Introduction: What they say:
A study from Department of Neurology and Neurological Sciences, Stanford University School of Medicine, Stanford, California 94305, USA; Paul F. Glenn Center for the Biology of Aging, Stanford University School of Medicine, Stanford, California 94305, USA Neuroscience Graduate Program, Stanford University School of Medicine, Stanford, California 94305, USA; Center for Tissue Regeneration, Repair and Restoration, V.A. Palo Alto Healthcare System, Palo Alto, California 94304, USA shows that “Human umbilical cord plasma proteins revitalize hippocampal function in aged mice.“ This research paper was published, in the 19 April 2017 issue of the journal “Nature” [One of the best research journals in General sciences with an I.F of 43+], by Prof. Wyss-Coray, Castellano JM and others.
What we say:
On the foundation of this interesting finding, Dr L Boominathan PhD, Director-cum-chief Scientist of GBMD, reports that: Regenerative therapy for improving memory in aged individuals: Valine, a branched-chain amino acid, increases Tissue inhibitor of metalloproteinases 2 (TIMP2) levels, improves cognition, and decreases age-associated decline in memory and learning, via down regulation of its target genes
What is known?
Prof.Tony Wyss-Coray’s research team has recently shown that: (1) human cord plasma treatment promotes cognitive and learning function in aged mice; (2) blood-borne component Tissue inhibitor of metalloproteinases 2 (TIMP2) is enriched in human cord plasma, young mouse plasma, and young mouse hippocampi; (3) TIMP2 increases hippocampal-dependent cognition; and (4) treating brain slices with TIMP2 antibody inhibits long-term potentiation and prevents hippocampal function, suggesting that increasing the expression of TIMP2 in aged individuals may enhance learning and memory.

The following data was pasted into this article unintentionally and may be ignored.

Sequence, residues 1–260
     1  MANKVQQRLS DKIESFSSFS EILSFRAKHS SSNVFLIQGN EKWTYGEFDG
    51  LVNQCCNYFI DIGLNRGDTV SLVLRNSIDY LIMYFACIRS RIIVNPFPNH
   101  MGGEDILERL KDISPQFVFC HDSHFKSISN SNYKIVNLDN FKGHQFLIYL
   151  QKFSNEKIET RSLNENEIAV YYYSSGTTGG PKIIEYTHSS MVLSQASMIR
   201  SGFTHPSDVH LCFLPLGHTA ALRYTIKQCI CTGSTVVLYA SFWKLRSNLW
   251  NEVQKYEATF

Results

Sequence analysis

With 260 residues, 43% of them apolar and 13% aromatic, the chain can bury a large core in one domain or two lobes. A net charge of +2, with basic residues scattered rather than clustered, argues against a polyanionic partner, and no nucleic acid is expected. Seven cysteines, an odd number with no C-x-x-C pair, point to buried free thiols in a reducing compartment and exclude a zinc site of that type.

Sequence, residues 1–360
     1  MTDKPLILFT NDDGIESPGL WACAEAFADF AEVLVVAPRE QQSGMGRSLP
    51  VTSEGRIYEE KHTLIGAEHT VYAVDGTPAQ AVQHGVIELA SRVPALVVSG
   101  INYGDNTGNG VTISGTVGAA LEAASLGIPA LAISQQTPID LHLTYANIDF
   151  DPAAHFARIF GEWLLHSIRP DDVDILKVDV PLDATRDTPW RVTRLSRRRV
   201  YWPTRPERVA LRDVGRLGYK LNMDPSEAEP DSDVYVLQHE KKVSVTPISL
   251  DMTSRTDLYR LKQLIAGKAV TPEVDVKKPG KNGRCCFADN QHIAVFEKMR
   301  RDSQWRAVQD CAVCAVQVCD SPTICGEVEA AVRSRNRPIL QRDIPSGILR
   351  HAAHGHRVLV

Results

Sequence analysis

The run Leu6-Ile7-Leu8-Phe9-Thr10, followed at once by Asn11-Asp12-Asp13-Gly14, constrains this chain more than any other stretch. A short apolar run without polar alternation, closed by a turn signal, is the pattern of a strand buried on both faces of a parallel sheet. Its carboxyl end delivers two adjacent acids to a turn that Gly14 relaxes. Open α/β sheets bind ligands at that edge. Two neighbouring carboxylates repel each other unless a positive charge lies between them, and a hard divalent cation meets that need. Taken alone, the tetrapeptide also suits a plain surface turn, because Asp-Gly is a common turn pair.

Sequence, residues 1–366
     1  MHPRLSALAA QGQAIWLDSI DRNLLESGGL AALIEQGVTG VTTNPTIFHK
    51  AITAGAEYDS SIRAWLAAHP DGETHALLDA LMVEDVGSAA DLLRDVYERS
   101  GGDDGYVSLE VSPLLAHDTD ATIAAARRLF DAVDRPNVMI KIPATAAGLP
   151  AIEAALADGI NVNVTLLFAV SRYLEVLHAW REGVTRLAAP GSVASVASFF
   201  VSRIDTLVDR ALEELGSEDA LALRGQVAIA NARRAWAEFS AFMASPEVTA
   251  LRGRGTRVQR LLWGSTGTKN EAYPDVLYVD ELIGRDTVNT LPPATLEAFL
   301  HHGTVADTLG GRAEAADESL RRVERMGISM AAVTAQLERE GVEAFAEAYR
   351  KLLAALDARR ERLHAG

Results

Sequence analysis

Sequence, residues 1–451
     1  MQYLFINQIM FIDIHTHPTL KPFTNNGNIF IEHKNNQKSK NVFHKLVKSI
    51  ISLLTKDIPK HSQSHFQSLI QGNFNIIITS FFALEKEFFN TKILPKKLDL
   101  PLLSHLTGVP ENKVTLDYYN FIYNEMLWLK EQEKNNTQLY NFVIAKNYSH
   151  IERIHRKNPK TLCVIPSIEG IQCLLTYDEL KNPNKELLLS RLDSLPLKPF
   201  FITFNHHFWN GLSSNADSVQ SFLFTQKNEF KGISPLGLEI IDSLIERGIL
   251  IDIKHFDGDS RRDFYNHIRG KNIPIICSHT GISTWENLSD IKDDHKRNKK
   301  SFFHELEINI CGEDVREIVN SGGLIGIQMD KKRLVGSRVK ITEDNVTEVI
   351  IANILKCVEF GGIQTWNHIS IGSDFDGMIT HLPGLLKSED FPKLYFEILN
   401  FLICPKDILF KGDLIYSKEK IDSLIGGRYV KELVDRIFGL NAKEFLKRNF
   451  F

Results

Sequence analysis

From Research findings to Therapeutic opportunity:
This study suggests, for the first time, an amino acid-based therapy for age-associated decline in memory function in hippocampus.
Valine, by increasing the expression of its target genes, may increase the levels of TIMP2. Thereby, it may: (1) increase the expression of genes that promote learning and memory; (2) cognition and learning; (3) improve spatial memory; and (4) promote hippocampal function (fig.1).
Thus, pharmacological formulations encompassing “Valine or its analogues, either alone or in combination with other drugs,“ may be used to suppress age-associated overall physiological decline of hippocampal function and improve cognition and memory (fig.2).
Details of the research findings:
Idea Proposed/Formulated (with experimental evidence) by: Dr L Boominathan Ph.D.
Terms & Conditions apply http://genomediscovery.org/registration/terms-and-conditions/
Undisclosed mechanistic information: How does Valine increase the levels of TIMP2?
For purchase and payment details, you may reach us at email@example.com
# Research cooperation
Web: http://genomediscovery.org or http://newbioideas.com
Citation: Boominathan, L., Regenerative therapy for improving memory in aged individuals: Valine, a branched-chain amino acid,, increases Tissue inhibitor of metalloproteinases 2 (TIMP2) levels, improves cognition, and decreases age-associated decline in memory and learning, via down regulation of its target genes, 12/March/2018, 10.47 pm, Genome-2-Bio-Medicine Discovery center (GBMD), http://genomediscovery.org
Courtesy: When you cite, drop us a line at firstname.lastname@example.org